- Home Depot continues to defy all logic. Recently it produced an exceptional set of earnings which will drive the stock higher.
- However, many investors are buying into its guidance and fundamentals but forgetting its valuation and inherent risks.
- Issues such as impending interest rate hike could adversely affect the housing market in the US. It is not a diversified company.
Many investors and analysts alike have continued their bullish stance on Home Depot Inc. (Home Depot (NYSE:HD) after the company delivered a solid set of first quarter earnings. Furthermore, housing starts surprisingly jumped in April which only added fuel to the bullishness already surrounding this stock. Moreover, analysts are now stating that the slight dip following the earnings release was due to a comment made by the management on the call that was construed wrongly. Guidance was raised by management but the stock sold off because US store comps fell from 11.8% in February to 4.6% in April. The reasoning behind the bullish call is that the company wouldn't have raised its guidance unless it felt that this downtrend had stopped. In the near term, Home Depot will be aided by a rising stock market (which has probably bottomed on 05-19-2016) but, in my opinion, there are just too many risks to consider going long this stock at the moment.
Also Read: Home Depot Stock Is A Risk At Current Price
Firstly, the company is definitely bucking the retail trend as sales growth of 9% and overall same-store sales of 6.5% are definitely indicative numbers of a rising market. Furthermore, the company is on track to earn $6.30 in earnings in 2016 which would be just under 20% earnings growth from its previous year. These are stellar numbers for a retailer and the bulls are stating growth will continue for years citing its strong brand, housing demographics and underlying strength in the US economy. However, Home Depot's sales multiple is now at 1.9 and its earnings multiple is 24.1 which are well above the company's 10-year averages. Is it worth investing in a stock trading at a sales multiple almost double of its 10-year average? (1.12 is the company's 10 year average). Study the company's price to sales ratio as it is a much more accurate valuation metric than the earnings multiple which would be much higher but for incessant buybacks.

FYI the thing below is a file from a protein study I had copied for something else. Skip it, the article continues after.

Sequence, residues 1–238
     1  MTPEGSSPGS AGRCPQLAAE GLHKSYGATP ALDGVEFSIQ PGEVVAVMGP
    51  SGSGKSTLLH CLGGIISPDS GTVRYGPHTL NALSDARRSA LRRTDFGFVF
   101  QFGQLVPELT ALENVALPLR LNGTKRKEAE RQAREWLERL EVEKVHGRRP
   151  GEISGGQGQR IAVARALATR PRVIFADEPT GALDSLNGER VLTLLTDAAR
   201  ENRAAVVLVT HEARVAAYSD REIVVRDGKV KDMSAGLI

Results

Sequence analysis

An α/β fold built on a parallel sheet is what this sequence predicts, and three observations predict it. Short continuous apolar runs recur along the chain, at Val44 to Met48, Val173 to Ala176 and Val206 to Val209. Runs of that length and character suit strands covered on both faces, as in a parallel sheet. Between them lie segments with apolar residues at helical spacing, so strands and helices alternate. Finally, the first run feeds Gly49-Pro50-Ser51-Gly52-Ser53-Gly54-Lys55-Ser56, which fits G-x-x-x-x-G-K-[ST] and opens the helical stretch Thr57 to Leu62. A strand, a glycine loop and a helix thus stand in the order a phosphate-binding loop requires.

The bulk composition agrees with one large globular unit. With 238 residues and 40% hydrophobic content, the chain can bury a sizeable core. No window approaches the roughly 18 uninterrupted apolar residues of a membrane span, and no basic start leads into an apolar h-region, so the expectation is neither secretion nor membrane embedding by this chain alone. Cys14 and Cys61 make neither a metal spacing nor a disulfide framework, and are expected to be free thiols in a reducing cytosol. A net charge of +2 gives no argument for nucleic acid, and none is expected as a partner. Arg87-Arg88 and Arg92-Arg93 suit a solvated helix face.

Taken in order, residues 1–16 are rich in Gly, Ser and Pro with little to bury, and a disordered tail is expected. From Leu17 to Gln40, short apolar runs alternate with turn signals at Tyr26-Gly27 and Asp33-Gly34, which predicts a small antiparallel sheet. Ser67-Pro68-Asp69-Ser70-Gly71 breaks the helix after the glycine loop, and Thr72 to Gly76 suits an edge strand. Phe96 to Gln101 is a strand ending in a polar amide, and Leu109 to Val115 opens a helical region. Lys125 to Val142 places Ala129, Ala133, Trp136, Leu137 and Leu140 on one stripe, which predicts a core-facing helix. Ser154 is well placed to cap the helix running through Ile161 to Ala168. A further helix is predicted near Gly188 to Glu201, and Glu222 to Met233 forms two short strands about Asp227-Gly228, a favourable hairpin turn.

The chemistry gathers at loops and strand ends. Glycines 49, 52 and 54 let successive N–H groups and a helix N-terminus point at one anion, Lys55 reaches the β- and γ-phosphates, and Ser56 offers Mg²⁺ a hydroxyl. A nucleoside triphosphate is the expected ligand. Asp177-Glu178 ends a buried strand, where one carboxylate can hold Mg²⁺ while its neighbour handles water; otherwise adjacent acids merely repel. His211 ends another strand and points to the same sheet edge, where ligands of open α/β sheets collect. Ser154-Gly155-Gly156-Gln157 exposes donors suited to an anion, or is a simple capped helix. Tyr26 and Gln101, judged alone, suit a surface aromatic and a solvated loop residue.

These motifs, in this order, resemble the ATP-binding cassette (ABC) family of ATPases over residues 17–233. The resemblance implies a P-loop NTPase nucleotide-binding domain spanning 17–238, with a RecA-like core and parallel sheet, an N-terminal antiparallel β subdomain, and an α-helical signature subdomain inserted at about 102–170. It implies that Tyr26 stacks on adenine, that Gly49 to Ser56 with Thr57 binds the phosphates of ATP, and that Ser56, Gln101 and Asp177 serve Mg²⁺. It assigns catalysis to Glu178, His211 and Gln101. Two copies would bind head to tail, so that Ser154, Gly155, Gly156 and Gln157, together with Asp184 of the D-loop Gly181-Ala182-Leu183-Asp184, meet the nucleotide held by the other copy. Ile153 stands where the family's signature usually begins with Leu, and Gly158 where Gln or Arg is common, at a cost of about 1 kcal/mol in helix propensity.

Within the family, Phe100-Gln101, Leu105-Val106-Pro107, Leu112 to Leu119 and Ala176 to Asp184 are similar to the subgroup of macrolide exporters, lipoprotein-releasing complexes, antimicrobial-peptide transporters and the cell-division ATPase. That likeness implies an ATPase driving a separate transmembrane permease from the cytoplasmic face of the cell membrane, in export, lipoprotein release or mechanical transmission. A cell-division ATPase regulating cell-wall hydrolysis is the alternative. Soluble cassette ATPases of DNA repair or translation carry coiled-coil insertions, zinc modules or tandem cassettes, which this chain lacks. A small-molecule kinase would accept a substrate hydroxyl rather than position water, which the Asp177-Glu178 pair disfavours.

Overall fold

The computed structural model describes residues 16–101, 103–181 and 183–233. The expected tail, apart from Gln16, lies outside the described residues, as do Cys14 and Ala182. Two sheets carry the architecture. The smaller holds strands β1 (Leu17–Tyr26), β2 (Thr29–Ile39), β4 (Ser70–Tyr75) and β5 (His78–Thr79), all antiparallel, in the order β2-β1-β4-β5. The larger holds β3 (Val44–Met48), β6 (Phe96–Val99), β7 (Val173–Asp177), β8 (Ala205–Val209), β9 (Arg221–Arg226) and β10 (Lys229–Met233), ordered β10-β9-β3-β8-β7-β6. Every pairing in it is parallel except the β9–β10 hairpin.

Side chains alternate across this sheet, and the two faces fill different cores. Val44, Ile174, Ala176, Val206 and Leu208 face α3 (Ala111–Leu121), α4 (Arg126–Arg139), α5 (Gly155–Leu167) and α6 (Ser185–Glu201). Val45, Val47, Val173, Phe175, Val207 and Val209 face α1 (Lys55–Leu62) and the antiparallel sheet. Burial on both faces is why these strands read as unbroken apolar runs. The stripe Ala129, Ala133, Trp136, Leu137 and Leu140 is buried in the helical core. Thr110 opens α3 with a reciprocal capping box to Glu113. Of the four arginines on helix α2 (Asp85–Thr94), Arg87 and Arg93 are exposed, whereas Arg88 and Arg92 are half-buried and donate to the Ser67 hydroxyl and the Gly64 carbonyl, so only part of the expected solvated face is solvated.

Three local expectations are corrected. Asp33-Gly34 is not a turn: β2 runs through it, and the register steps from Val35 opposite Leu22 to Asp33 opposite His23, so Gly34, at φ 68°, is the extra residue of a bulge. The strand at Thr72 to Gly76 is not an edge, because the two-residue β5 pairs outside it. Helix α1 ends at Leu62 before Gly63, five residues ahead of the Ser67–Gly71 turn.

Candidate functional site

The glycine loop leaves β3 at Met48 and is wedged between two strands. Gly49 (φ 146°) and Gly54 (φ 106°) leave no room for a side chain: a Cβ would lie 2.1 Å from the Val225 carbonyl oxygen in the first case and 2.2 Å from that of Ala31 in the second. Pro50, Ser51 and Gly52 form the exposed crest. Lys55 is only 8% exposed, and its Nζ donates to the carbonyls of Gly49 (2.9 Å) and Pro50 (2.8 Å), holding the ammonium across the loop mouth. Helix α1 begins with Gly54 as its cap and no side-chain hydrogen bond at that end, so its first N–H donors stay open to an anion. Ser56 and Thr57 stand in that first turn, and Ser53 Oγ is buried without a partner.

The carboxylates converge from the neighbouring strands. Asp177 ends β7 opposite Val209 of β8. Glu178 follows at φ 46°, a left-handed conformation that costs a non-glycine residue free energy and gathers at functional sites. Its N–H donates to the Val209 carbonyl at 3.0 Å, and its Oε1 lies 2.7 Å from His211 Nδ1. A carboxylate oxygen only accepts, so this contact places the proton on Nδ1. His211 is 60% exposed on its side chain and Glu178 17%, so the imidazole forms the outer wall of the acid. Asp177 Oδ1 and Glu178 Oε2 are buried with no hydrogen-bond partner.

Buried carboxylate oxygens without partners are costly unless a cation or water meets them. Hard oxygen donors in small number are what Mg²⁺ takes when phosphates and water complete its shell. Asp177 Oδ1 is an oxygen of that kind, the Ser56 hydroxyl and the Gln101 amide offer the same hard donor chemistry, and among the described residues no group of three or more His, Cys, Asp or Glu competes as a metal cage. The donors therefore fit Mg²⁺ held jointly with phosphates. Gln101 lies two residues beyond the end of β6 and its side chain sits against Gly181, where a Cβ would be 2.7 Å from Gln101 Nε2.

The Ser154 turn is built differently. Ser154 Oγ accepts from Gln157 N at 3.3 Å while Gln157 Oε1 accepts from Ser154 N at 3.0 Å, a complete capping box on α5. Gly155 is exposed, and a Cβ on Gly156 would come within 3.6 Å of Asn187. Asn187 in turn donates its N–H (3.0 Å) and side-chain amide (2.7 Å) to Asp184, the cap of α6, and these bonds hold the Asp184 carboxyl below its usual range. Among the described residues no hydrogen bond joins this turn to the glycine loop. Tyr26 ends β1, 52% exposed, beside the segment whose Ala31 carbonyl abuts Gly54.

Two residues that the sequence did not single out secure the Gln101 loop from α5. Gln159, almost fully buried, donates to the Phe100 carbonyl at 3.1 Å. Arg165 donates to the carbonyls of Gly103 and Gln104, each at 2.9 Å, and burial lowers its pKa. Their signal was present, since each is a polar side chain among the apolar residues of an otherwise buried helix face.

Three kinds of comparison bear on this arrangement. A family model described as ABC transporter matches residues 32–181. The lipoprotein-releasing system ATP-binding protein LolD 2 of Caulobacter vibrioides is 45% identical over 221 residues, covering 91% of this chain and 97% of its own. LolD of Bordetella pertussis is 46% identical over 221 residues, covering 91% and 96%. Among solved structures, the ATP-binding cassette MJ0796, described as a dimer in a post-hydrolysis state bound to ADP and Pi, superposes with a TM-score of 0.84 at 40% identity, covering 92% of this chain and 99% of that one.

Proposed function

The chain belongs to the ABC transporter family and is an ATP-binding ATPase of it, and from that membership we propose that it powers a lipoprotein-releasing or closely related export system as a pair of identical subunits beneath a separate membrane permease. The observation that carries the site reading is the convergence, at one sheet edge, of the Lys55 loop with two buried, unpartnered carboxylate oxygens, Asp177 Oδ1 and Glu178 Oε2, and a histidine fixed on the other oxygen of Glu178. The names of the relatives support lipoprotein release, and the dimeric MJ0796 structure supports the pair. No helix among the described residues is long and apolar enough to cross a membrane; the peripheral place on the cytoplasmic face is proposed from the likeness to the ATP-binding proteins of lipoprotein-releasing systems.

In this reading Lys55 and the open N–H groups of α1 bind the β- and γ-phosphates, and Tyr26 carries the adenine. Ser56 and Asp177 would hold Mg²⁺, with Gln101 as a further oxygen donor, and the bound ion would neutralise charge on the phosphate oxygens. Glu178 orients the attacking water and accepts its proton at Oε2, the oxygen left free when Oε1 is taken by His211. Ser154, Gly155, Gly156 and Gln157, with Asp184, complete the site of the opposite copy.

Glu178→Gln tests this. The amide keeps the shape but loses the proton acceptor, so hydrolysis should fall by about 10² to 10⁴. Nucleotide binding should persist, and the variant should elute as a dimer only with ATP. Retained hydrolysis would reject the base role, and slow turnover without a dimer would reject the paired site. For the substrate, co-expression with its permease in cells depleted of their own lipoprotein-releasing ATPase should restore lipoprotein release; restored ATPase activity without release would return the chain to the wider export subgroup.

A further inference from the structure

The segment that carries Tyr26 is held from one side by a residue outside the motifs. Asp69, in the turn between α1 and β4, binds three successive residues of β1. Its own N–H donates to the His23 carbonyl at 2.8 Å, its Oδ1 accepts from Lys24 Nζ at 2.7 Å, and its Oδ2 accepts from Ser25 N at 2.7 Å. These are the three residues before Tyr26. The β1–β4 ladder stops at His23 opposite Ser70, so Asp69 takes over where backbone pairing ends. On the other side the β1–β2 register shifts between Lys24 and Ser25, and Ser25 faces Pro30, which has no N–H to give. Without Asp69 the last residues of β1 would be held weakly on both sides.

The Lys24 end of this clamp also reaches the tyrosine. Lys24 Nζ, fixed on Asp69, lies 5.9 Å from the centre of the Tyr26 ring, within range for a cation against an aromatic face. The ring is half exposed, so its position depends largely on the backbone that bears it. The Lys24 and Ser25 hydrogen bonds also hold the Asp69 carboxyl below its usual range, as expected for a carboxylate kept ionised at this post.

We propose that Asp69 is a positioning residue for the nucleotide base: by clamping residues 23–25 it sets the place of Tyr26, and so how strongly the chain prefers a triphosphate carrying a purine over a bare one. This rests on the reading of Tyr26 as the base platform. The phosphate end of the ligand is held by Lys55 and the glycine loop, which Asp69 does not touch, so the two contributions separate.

Secondly, investors swarm to companies similar to Home Depot because of its strong cash flows, share buybacks & dividend plus sales and revenue growth. In fact over the last 5 years, Home Depot has grown its sales from $67 billion in 2011 to a trailing twelve month average of over $88 billion. Operating margins have grown from 8.6% to over 13% which is one of the main reasons why this company spun off almost $8 billion in free cash flow last year. However, this substantial growth has come at a cost to its balance sheet of which few are talking about. Long-term debt has gone from $8.7 billion in 2011 to almost $21 billion at the end of the last quarter. On top of this, equity in the company has shrunk from $18.8 billion to presently $6.3 billion. This means the debt to equity ratio has gone from 0.46 to 3.31 which is a huge negative in my view if present market conditions were to change. Every bull talks about Home Depot's incessant buybacks but never mentions where the funds are coming from.
In terms of diversification, Home Depot has around 180 stores in Canada and a further 60 in Mexico. The rest of its almost 2,300 warehouse-style stores are in the US. Home Depot has done very well in recent years due to low interest rates, a strong US economy and a strong US dollar. Capital has been flowing heavily into the US in recent years precisely because the Fed has kept asset prices purposely elevated. What if this all changed? What is the dollar sold off and capital left US shores? When home owners have equity in their homes, home improvement activities become the norm which is why earnings estimates continue to grow for Home Depot "at the moment".
However, with an interest rate hike in the US on the table (for June), many homeowners mortgages are going to be shelling out more every month on their mortgages. The stock is stretched too high above its 200 week moving average for me to get interested at these levels. We will either have consolidation for a significant period of time or the stock will fall. Swinging from the fence up here just doesn't make any sense in my view.
To sum up, I would be cautious while investing in Home Depot around these levels. Yes, it delivered an excellent first quarter but its sales multiple is far too high at these levels. Furthermore, I don't see much diversification (despite going into maintenance and repair) against a US down turn. Finally, its balance sheet has definitely been affected by the company's insistence on reducing the float in a low-interest rate environment.